It’s Friday morning and Pandora is heading from Wickford to Deep River to be hauled for a few weeks while I work on her to get ready to make the trip south. While most folks are just about ready to haul their boats for the winter, now that the iron doors of summer are about to close (this weekend is Labor Day), I am trying to get everything ready for our run south and a winter of sailing.
My list, and it’s a long one, includes painting her bottom and finishing up a lot of little details like adding more LED lights as well as trying to settle on the proper propeller. The one that is on the boat is very nice if a bit over pitched for the engine. That means that I can’t get a lot of RPM out of it when I am in a pinch. Yes, it makes for good speed and fuel economy but I can’t get extra HP out of her when I need to. Anyway, the boat once had an Autoprop but the previous owner took it off because he says that it damaged not one but two transmissions. I put one on my last boat and was really happy with it so I’ll have to see what I can do. Fortunately, the owner still has the Autoprop and agreed to send it to me. Of course, I don’t want to risk a wrecked transmission but it’s something that needs to look into. I should have the other prop soon and will consider what to do next. The good news is that I can always take the Autoprop off and put the old one back on, if I decide that I don’t want it, even when the boat is in the water. It’s not simple but can be done. More to come on that.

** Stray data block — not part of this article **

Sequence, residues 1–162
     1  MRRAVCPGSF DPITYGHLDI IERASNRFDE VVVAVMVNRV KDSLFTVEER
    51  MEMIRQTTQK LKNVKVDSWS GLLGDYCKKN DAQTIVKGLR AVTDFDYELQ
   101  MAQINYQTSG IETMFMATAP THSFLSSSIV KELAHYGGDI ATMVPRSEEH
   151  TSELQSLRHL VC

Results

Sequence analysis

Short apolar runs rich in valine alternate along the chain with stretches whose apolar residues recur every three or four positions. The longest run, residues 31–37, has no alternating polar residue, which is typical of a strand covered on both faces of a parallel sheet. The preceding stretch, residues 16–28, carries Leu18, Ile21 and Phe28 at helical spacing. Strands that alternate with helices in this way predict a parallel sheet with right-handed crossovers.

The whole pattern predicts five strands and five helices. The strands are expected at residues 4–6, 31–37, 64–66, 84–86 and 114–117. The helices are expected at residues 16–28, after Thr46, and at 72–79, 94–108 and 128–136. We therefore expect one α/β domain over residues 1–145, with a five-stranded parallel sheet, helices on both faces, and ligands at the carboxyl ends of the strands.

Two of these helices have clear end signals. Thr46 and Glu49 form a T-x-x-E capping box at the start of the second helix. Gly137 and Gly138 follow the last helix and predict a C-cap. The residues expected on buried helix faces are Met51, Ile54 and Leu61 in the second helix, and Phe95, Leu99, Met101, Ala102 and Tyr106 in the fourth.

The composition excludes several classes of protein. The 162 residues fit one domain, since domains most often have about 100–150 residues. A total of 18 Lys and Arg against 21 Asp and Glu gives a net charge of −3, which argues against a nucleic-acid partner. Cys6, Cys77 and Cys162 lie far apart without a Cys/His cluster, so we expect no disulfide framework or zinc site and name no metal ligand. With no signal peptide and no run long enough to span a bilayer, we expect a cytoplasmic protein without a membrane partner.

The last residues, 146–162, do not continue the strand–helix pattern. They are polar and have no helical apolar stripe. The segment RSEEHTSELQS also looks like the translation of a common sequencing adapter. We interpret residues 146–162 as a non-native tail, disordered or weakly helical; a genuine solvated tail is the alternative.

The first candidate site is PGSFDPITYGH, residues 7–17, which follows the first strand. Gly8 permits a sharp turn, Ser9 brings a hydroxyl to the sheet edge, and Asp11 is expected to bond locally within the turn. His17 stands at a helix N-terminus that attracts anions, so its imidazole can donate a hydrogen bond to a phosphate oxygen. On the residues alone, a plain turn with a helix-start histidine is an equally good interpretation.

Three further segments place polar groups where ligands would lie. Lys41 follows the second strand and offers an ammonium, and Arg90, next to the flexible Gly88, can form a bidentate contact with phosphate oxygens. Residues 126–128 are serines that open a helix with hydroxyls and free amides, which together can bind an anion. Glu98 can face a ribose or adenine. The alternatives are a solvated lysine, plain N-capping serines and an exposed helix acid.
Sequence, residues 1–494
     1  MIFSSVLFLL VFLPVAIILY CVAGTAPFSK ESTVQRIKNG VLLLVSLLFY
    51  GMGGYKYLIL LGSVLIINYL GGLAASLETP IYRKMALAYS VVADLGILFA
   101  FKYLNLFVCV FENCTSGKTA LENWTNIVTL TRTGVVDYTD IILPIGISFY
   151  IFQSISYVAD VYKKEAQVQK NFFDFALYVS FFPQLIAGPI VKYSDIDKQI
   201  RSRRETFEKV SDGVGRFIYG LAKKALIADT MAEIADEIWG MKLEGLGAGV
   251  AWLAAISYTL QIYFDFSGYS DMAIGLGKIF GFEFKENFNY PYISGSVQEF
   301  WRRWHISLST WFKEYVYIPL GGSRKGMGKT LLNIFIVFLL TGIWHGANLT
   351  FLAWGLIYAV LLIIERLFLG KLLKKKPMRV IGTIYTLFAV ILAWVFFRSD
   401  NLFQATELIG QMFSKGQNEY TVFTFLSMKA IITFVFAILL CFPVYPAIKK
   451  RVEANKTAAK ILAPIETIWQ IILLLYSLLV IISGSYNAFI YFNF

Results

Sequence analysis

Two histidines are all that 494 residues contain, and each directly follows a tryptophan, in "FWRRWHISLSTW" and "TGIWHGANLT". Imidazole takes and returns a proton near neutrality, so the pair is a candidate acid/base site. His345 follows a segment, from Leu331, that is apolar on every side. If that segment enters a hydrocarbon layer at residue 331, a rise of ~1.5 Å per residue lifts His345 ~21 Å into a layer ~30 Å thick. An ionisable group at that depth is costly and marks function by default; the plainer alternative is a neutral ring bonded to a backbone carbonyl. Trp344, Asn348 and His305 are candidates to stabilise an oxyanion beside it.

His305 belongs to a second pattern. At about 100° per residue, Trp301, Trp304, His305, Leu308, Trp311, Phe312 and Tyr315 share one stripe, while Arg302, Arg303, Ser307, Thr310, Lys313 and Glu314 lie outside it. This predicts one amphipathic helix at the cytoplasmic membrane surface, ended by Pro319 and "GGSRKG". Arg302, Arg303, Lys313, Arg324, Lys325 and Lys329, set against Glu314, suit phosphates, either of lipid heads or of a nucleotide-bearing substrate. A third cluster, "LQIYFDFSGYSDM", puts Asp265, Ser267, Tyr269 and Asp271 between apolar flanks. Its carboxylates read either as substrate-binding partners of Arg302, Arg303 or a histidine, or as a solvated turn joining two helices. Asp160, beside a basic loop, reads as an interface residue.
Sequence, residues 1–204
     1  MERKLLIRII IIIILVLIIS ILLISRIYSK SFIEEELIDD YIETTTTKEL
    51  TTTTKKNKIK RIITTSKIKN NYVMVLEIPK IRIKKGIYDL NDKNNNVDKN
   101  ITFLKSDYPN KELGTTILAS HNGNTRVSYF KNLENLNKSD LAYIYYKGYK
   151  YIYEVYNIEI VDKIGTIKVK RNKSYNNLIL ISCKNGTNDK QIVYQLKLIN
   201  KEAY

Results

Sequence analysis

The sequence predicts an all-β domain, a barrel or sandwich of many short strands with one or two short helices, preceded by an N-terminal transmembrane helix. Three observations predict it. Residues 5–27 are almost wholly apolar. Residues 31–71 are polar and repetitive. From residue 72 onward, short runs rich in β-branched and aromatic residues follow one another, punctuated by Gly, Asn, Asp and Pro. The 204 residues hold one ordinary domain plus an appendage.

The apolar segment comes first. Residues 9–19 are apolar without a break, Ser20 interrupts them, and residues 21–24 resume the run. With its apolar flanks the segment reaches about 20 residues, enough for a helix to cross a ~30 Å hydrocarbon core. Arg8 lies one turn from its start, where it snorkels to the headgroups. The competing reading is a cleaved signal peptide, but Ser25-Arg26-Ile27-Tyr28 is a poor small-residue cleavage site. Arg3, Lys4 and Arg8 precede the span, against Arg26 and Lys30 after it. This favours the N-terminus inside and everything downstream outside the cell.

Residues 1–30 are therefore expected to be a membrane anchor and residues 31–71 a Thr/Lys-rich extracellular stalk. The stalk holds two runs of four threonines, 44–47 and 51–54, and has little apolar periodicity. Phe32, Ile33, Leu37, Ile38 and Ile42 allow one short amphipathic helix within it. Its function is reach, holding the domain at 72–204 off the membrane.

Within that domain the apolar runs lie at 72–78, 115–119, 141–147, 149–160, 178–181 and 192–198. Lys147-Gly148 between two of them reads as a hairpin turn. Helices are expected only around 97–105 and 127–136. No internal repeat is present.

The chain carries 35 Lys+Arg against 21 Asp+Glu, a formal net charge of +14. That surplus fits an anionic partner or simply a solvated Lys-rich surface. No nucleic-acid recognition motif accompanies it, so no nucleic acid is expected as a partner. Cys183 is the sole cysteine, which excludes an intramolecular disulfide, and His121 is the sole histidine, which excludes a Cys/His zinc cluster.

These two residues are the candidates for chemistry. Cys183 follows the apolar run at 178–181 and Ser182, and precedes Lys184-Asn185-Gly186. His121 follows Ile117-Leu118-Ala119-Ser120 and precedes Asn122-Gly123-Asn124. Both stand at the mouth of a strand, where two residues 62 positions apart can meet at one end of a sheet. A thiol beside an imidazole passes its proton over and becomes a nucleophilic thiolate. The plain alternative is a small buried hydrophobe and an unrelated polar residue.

I am also having the backstay split with isolators so that the stay can serve as an antenna for the SSB radio. I am really looking forward to having the SSB back in service. I miss hearing the weather router Chris Parker and also participating in the morning nets.
As I write this I am approaching PT Judith and will soon turn west toward the CT River and home. The wind is from the NNE and blowing between 15-20kts so it will be behind me for the whole run and I should make good time. The current at Watch Hill won’t be with me when I arrive there but at least I’ll be going fast and should still make decent time and get home today in time for dinner.
We are really making time and moving along at better than 8kts with just about 10kts apparent wind on a dead run, wing and wing with the main and jib, a good speed by any measure. And that’s with a slimy bottom as things foul up pretty fast in August in Wickford with warm still water.
Yesterday I visited Rodger Martin, the designer of Pandora, at his office at Newport Shipyard and enjoyed hearing about some of his current projects. He’s a very nice guy and clearly loves talking about boats. I particularly loved hearing his South African accent. I was interested to learn that he designed the newest Outward Bound open boats that we have seen up in Maine. They are open boats and clearly not comfortable like Pandora. However, they serve the program well give the “find yourself” and “getting back to nature” focus of the Outward Bound programs. It was fun to see a computer rendering of one of the boats on the wall in Rodger’s office.We talked a bit about the process of designing the Aerodne 47 and I was surprised to learn that it has the smallest sail to displacement ratio of any boat that he has designed. In spite of having a modest sail plan, the boat is very fast and stable. That’s good and particularly appealing to Brenda.